Unfortunately, the University of Michigan is the nearest hospital that offers water birth. However, most hospitals in our area do offer the option to labor in the tub. The physician trade group ACOG affirms research that shows it's safe to labor in the water at any stage of labor, even if your water has broken. Bronson Battle Creek does not allow patients to labor in the bathtub. 

  • Residents involved.

    Residents are medical school graduates who are completing the final phase of their education by practicing hands-on. They are often eager to practice interventions to complete the required number to finish their residency. At Bronson (Kalamazoo), if you are with one of the physician practices (Centre Street or 11th Street) the residents will be heavily involved with leading your care at the hospital.

    If you are with the Bronson midwifery group (you attend your office visits downtown on John Street), the residents may come into midwifery births as observers, especially to get exposure to the midwifery model of care. That's a great way for physicians to learn skills like catching babies in a variety of positions! You can always say yes or no to a resident observer if you are a midwife patient (downtown), but if you are with one of the physician practices it may not be possible to opt out of having a resident involved. If you ever feel uncomfortable with resident care, you can ask to see the attending physician.

    At Ascension Borgess, residents are sometimes present for daytime births but not usually overnight. There are few residents at Bronson Battle Creek or Three Rivers.

  • Nitrous Oxide.

    Nitrous oxide is a medication used for pain relief and anxiety reduction on labor. It carries very little risk to the parent, the baby or the labor. In Great Britain, it's even used at home births. This is an option to "take the edge off" the intensity of contractions, not total pain relief like you'd experience with an epidural. Nitrous is available for labor at all local hospitals except Three Rivers.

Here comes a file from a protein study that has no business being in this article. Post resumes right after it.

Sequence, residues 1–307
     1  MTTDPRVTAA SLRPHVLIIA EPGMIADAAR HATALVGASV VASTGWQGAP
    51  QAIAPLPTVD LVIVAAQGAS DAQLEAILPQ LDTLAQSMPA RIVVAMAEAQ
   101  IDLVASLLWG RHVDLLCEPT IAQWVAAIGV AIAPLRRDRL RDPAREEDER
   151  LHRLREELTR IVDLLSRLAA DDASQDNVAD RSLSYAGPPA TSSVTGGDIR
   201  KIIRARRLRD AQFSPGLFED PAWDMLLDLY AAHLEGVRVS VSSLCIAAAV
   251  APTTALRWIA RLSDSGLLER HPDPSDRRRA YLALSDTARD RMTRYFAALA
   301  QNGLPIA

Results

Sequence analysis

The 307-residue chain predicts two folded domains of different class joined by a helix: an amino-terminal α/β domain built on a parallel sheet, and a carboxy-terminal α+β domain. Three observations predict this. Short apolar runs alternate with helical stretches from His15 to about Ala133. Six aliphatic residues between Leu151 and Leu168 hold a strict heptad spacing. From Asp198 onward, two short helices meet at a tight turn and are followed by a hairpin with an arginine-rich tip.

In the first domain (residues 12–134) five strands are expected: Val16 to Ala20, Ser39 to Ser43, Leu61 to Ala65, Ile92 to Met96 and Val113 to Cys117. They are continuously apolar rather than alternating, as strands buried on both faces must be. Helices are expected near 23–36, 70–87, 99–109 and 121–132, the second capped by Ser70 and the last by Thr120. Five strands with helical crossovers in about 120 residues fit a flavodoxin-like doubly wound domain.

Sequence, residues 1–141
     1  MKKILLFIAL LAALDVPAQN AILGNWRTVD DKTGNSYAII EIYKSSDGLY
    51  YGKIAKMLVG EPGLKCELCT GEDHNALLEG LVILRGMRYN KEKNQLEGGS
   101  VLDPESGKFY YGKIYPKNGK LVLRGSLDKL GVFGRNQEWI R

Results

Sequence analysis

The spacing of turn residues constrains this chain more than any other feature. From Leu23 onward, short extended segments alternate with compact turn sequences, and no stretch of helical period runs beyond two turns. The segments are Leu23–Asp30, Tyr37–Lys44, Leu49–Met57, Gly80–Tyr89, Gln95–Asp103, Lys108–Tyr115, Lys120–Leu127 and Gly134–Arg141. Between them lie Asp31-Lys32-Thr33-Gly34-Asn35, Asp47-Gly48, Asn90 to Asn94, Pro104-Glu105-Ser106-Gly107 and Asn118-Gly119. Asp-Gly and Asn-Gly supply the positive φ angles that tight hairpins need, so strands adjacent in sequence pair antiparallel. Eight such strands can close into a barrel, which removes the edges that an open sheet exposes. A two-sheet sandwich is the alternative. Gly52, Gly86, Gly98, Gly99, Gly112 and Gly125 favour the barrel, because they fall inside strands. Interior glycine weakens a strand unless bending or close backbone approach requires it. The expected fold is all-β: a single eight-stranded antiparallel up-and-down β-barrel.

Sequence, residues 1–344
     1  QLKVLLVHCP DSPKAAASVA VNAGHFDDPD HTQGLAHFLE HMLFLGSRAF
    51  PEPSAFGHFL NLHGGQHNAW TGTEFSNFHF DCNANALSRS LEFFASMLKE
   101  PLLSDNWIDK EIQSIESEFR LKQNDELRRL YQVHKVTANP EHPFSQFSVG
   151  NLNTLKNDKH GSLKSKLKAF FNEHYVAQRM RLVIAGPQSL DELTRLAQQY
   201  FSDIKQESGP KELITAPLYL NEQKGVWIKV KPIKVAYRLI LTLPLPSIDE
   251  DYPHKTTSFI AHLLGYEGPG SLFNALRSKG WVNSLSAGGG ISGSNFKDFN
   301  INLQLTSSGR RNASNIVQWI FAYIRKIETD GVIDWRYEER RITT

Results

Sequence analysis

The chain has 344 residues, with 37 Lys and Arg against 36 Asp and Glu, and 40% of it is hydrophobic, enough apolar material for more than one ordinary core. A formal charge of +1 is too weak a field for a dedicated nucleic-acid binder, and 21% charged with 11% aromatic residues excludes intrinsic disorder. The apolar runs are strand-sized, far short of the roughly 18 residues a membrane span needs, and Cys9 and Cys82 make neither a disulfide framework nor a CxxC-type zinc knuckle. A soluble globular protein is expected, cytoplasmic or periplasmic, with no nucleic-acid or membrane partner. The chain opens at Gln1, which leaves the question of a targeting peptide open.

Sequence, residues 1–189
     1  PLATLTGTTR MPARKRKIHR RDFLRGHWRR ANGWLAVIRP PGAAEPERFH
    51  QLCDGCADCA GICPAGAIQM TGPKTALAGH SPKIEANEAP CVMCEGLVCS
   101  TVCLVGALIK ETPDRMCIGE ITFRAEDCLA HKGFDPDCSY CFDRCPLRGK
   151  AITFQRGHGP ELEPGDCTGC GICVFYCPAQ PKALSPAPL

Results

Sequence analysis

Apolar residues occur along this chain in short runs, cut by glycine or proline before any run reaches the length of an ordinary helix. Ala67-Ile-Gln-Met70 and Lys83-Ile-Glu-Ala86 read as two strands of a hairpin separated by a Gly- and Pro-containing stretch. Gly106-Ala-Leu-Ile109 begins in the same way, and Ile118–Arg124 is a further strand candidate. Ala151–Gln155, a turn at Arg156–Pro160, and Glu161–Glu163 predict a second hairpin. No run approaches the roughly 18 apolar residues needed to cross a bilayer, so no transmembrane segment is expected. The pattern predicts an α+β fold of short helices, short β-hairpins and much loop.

• External cephalic version for a breech baby.

    Your doula can help you with ideas to encourage your baby head down if they are breech at 34 weeks (chiropractic care, acupuncture and moxibustion, positions, the Spinning Babies parent handbook). If your baby is still breech by 36-37 weeks, external cephalic version is an evidence-based intervention where a physician feels the outside of your belly and tries to encourage the baby with pressure to move head down. If successful, this can help people avoid a hospital cesarean for a breech baby. External version is not an option at Three Rivers and in our experience very unlikely at Bronson Battle Creek.

  • VBAC and VBA2C.

    A cesarean in the past doesn't necessarily mean you need a cesarean birth for all future babies too. Vaginal birth after cesarean (VBAC) or after two cesarean (VBA2C) are reasonable options for many people, according to medical groups. All of our local hospitals offer VBAC, except Three Rivers. VBA2C is also an option with the Bronson downtown group (you'll need to co-manage care with a midwife and a physician) and with the Borgess physicians. 

  • High-volume hospital.

    Bronson is a high-volume hospital. Occasionally all of the beds are full and people have to labor for hours or even give birth in triage (a small space separated by curtains from other laboring families), or there can also be perceived pressure to speed up a birth and "turn over" a room where someone is laboring because others are waiting.

If you find any information in this chart is inaccurate or if you have suggestions on items to add, please email to let us know! We're dedicated to keeping this as an up-to-date reference for Southwest Michigan families.

And if you want even more of an insider scoop on the energy, atmosphere, induction rates, and general "feel" at each hospital, reach out to your doula. Whether you're a Birth Kalamazoo doula client or not, you can also book a one-hour birth options consult with Jessica to talk through all of your hopes for your birth and receive recommendations on locations that might be a good fit.

We hope you'll feel empowered by this information, and ready to make changes if you find you're not with the right practice for you. It's truly one of the most important decisions you can make about your birth.